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Renowned for beautiful cakes and whimsical confections, Miette Patisserie is among the most beloved of San Francisco's culinary destinations for locals and travelers. Miette's pretty Parisian aesthetic enchants visitors with tables piled high with beribboned bags of gingersnaps, homemade marshmallows, fleur de sel caramels, and rainbows of gumballs. This cookbook brings the enchantment home, sharing 100 secret formulas for favorite Miette treats from chef and owner Meg Ray. More than 75 gorgeous color photos capture the unique beauty of Miette desserts and shops. More...
At Miette, we make our pastries with individual care and attention to detail. Some of the recipes, such as the layer cakes with several components, may be time consuming or challenging for the home baker. We do not sugarcoat the importance of certain steps or techniques, but we have done our best to simplify the methods without compro-mising what we do in the bakery. Collected here are the recipes for our most beloved pastries, with a particular emphasis on our signature cakes, organized in the same way we think about them at the bakery. Also included are chapters featuring our more casual afternoon cakes; tarts; cookies, bars, and pastries; and candies and creams. A section of essential and versatile recipes at the back covers fillings and frostings, syrups, curds, and mousses—every flourish and all the building blocks necessary to make the recipes in this book, and any of which may serve you in countless baking adventures beyond these covers.
I have never worked in a large-scale kitchen, so everything I know I learned from trial and error, by reading myriad cookbooks, and from the contributions of the amazing bakers who shared their knowledge with me in the Miette kitchen. The recipes in this book are the result of years of experiments and experience, and incorporate the lessons I learned from my many mistakes, so I can anticipate yours. Because this is a bakery book, not a general baking book, we took the approach of embodying most of such accumulated wisdom in the recipes themselves rather than trying to write a comprehensive techniques section. It is often said that baking is an exact science, but for me, baking is enormously creative. Once you know the basic rules, there is room for more than a bit of verve. This is the spirit in which I founded Miette, and I hope that you find that same spirit in the pages of this book.
BUTTERMILK PANNA COTTA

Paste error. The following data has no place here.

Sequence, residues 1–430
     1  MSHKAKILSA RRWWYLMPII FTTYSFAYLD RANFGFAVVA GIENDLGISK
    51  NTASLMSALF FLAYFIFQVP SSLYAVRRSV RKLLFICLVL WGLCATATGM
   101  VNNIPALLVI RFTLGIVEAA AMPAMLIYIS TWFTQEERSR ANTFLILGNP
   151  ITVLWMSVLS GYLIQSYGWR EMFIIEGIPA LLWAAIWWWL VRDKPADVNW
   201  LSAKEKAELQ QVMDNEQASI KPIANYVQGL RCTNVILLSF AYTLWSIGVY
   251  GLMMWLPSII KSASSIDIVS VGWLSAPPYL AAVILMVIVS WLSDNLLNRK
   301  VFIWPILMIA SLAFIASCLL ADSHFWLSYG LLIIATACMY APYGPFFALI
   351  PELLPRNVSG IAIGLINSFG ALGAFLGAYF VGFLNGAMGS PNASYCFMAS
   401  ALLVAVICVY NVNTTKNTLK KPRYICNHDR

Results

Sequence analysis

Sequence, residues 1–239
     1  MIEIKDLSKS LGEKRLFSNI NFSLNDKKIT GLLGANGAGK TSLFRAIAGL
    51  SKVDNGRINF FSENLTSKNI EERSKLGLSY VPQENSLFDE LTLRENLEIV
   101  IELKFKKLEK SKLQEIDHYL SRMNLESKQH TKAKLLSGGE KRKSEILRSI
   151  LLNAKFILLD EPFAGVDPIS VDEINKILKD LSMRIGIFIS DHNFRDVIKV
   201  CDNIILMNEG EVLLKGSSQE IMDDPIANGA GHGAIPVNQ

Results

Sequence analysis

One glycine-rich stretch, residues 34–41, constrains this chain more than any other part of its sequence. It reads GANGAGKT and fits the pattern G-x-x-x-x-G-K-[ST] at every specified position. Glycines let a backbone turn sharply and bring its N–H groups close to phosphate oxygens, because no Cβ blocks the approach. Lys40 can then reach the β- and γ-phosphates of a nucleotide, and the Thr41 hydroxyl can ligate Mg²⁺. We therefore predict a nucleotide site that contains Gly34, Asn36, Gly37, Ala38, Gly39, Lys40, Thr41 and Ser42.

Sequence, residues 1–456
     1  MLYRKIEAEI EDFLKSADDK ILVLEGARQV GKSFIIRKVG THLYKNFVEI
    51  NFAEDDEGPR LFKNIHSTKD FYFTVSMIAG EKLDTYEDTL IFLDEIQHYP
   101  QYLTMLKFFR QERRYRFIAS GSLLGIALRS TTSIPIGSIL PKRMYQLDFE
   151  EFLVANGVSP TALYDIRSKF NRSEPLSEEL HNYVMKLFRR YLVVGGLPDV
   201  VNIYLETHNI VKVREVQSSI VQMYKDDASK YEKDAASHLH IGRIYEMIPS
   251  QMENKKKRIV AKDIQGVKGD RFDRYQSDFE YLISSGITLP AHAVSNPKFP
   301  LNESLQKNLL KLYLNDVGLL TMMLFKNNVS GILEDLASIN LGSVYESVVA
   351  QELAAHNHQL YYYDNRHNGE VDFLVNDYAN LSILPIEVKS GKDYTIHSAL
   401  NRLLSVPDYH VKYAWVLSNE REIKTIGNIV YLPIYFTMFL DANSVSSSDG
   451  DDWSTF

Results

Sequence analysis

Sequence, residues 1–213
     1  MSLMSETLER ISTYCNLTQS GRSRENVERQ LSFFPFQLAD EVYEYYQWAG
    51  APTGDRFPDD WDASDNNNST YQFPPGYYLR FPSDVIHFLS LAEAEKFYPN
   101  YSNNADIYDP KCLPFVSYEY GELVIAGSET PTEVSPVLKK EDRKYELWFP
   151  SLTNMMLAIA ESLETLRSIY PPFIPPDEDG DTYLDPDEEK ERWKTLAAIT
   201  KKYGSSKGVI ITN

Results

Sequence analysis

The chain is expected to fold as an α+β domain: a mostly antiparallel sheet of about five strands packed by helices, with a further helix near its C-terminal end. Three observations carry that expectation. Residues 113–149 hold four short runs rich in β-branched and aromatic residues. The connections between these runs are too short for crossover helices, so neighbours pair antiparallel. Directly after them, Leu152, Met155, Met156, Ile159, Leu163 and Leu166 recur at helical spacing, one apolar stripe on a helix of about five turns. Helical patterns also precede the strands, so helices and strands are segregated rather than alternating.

The tangy buttermilk and vanilla bean make this panna cotta a luscious base for any summer fruit, including strawberries, raspberries, and blueberries.
In this recipe, we use powdered gelatin. Be sure to measure the gelatin since the amounts that come in the packages will vary. Also be sure to follow the directions on the package to fully dissolve the gelatin so the dessert is smooth and properly set.
makes twelve to fourteen 2-ounce panna cottas
2 cups heavy cream
1 teaspoon unflavored gelatin powder about 1/2 packet
1/3 cup (2 1/2 ounces) sugar
1/3 vanilla bean
1 cup plus 2 tablespoons buttermilk
fresh berries, finely diced, for garnish
1. In a medium bowl, pour in 1/3 cup of the cream and scatter the gelatin evenly over the surface. Leave the gelatin to soften for at least 10 minutes. Arrange 14 clean small jars in a baking pan and clear space in your refrigerator for the pan.
2. Meanwhile, combine the remaining 1 2/3 cups cream and the sugar in a medium saucepan. Split the vanilla bean lengthwise and scrape the seeds into the cream. Bring to a boil and add the dissolved gelatin mixture into the hot cream. Add the buttermilk to the cream mixture and whisk to combine. Strain the mixture through a medium-mesh strainer into a container with a spout, such as a glass measuring cup.
1. Pour the mixture into the jars just to the base of the neck. Cover the pan with plastic wrap and refrigerate overnight to set the panna cottas. Garnish with the fresh berries. These will keep in the refrigerator, covered with plastic wrap for up to 3 days; garnish just before serving.
Copyright © 2011 by Meg Ray. Photographs copyright © 2011 by Frankie Frankeny. Reprinted from Miette: Recipes from San Francisco's Most Charming Pastry Shop with permission from Chronicle Books.
Meg Ray (left, photograph by Elli Sekineis) is the chef and owner of Miette and Miette Confiserie. She lives in Oakland, California.
Leslie Jonath is the author of several cookbooks, crafting, and children's books. She lives in the San Francisco Bay Area.
Frankie Frankeny is one of Entertainment Weekly's "100 Most Creative People in the United States" and a frequent photographer for Chronicle Books. She lives in San Francisco.
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